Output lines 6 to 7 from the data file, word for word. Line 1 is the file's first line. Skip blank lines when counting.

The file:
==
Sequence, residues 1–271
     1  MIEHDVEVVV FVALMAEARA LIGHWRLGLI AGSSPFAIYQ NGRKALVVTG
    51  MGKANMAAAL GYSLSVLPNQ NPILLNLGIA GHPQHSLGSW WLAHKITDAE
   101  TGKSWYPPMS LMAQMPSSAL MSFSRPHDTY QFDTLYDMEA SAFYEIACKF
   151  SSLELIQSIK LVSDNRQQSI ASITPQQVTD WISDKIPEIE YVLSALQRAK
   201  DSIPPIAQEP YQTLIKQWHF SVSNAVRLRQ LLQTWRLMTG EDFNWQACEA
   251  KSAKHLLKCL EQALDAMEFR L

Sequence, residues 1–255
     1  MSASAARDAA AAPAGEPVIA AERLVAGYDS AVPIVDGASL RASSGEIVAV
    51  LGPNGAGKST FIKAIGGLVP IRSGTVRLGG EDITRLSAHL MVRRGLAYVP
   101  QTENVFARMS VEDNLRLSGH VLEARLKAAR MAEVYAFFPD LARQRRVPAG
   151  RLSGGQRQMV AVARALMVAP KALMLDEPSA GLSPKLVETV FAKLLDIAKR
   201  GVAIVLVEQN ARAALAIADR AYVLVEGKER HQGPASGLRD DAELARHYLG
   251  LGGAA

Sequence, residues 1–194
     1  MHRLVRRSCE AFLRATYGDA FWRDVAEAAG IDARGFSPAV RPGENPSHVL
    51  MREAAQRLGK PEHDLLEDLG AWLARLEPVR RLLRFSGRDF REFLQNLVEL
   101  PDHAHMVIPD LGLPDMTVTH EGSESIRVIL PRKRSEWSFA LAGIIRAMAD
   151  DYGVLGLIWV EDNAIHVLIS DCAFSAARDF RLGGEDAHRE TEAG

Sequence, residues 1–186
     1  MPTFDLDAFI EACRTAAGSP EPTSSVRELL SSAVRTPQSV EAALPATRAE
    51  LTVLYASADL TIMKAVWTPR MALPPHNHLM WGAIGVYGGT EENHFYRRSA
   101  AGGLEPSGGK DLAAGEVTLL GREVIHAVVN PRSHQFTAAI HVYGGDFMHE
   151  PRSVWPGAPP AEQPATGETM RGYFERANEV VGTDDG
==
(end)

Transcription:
   201  DSIPPIAQEP YQTLIKQWHF SVSNAVRLRQ LLQTWRLMTG EDFNWQACEA
   251  KSAKHLLKCL EQALDAMEFR L